We’re including this water-bound entry because – shockingly – it is the closest the Italians came to doing a rip off of America’s banner year of H20 hokum in 1989.  If you know anything about the Italian film industry, this is incredibly surprising.  There wasn’t a subgenre they didn’t love to exploit, from westerns to post-apocalyptic to slaying sharks.  Perhaps they were like, “Eh, water issa too mucha work.  I likea rock quarries.” Sadly, one of the reasons is because the Italian film industry was dying around this time and exploitation that required a bit more effort like underwater bases and aliens took a bit more money and work.  So while Spain gave us THE RIFT (1989), the closest the Italians came to an underwater flick was Bruno Mattei’s SHOCKING DARK (1989), which had a setting of a submerged Venice but was mostly an ALIENS (1986) remake filmed in factory boiler rooms.  It is truly a shame as I would have loved to have seen what Xerox cinema masters like Mattei or Claudio Fragasso would have done with a riff on THE ABYSS (1989) or LEVIATHAN (1989).  As it stands, the closest we can get is CREATURES FROM THE ABYSS, which might not be from one of the replication masters but is definitely a kindred cinematic spirit.

The film opens on a beach in Miami, Florida (onscreen: Miami, Fla) as five friends head out for a day in the ocean in their rubber raft. They are a loveable and carefree bunch, evidenced by their playful antics of getting Mike (Clay Rogers) caught in a fishing net and leaving their gas can onshore.  D’oh!  The kids include Mike’s girl Margaret (Sharon Twomey), macho braggart Bobby (Michael Bon), and sisters Dorothy (Laura Di Palma) and Julie (Ann Wolf).  Running out of gas at night, they get stuck out in the middle of the sea during a raging storm.  If things couldn’t get any worse, they also bump into a chewed up dead guy floating in the ocean.  Lucky for them they see a ship off in the distance and paddle towards it.  The ship reads Oceanographic Research Institute on the hull, but no one responds to their calls for help.  They board only to find no crew seems to be on board and they find a creepy looking laboratory filled with weird aquatic specimens.  Proving he can read, Mike says, “It’s an Oceanographic Research ship.”

The boys head up to the ship’s bridge and find the radio not working and no one at the helm (symbolic of this film!).  Eh, not a big deal as the kids soon find out this scientific vessel has a sweet ass disco area (!?!) with a fully stocked bar and kitchen. What they don’t see is a mysterious creature (shown via fish-eye lens POV) that is scurrying around and sounding like a cat with severe allergies.  The boat also has some fancy quarters for sleeping that look like they were designed by Larry Flynt and a high-tech bathroom that includes a shower that has a creepy female video command that encourages one to fondle oneself while showering.  Bobby the Genius decides that this boat must have really been a front for drug dealers (after all, he found white powder in the lab so it must be drugs) and feels that the legally sound finders keepers rule of law will let him turn this into one bitchin’ party boat.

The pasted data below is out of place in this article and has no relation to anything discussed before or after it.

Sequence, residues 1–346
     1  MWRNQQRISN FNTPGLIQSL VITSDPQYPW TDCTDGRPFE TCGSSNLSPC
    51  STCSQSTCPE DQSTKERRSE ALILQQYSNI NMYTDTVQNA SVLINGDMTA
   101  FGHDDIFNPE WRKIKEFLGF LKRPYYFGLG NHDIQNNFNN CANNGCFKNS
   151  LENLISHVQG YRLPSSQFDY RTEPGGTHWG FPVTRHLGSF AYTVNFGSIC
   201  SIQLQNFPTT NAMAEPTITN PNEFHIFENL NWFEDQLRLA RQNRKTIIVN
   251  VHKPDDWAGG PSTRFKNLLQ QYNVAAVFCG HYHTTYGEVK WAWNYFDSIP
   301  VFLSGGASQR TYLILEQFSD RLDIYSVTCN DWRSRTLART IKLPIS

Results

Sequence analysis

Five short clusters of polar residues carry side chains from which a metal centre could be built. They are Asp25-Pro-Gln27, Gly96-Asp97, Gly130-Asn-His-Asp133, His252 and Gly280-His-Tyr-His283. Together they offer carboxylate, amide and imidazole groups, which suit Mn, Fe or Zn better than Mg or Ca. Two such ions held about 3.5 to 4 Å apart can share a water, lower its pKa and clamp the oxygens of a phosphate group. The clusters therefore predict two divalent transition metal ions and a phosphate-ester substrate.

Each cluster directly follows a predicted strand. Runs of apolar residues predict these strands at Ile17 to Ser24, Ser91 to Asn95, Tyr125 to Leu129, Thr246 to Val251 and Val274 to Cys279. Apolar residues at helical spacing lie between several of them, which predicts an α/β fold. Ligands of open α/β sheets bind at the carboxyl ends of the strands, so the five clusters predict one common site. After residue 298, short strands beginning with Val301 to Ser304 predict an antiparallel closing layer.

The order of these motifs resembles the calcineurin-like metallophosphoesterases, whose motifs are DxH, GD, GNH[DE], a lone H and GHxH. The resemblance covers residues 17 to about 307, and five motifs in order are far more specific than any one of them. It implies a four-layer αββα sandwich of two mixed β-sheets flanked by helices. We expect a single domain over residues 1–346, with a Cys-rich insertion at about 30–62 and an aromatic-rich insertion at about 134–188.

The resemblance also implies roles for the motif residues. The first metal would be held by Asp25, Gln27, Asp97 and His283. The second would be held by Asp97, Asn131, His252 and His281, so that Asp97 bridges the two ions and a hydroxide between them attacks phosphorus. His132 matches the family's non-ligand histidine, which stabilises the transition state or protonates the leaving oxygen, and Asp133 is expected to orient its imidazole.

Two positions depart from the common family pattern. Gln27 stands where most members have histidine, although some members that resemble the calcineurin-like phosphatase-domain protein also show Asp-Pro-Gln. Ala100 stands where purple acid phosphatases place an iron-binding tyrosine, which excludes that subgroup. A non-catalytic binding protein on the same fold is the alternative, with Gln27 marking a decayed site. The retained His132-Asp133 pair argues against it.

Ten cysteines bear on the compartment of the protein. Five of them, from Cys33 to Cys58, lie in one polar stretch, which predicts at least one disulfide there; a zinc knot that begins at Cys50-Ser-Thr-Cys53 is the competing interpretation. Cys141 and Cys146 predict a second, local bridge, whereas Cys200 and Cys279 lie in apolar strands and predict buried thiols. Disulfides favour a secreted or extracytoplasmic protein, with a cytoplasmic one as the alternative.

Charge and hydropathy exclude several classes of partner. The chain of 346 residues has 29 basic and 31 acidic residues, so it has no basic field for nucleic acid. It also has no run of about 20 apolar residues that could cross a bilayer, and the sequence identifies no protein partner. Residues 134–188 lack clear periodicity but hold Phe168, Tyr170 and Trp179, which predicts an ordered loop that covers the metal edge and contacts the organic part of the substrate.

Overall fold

However, the dream of sweet sailing on someone else’s dime is quickly squashed. After the kids eat a dinner of fish, they hear a noise down below.  Mike and Bobby check it out and find a catatonic survivor hiding along with some journals and more of that white powder. The old guy turns out to be a professor on this scientific expedition and he impresses the ladies by going into a drooling seizure and then hiding under the staircase.  Mike appears to be the only inquisitive one in the bunch and decides to investigate in the lab, where a frozen fish comes to life, flies around the room and bites Margaret on the neck.  Surprisingly, she is the only one freaked out by this and wants to get the hell off this ship.  Bad news – their rubber dingy is flooded and the boat’s lifeboat has a hole in it thanks to an axe.  So this means they just have to stay on this ship and deal with whatever comes their way.  Badder news – Mike starts reading about the discoveries of this scientific team and it seems they found a deep sea fish that swims into a rage when sexually aroused (“This is some weird shit,” Mike exclaims) and the fish have mutated due to some toxic plankton.  Baddest news – the kids have some of this fish in their bellies from dinner and Bobby is a total horndog!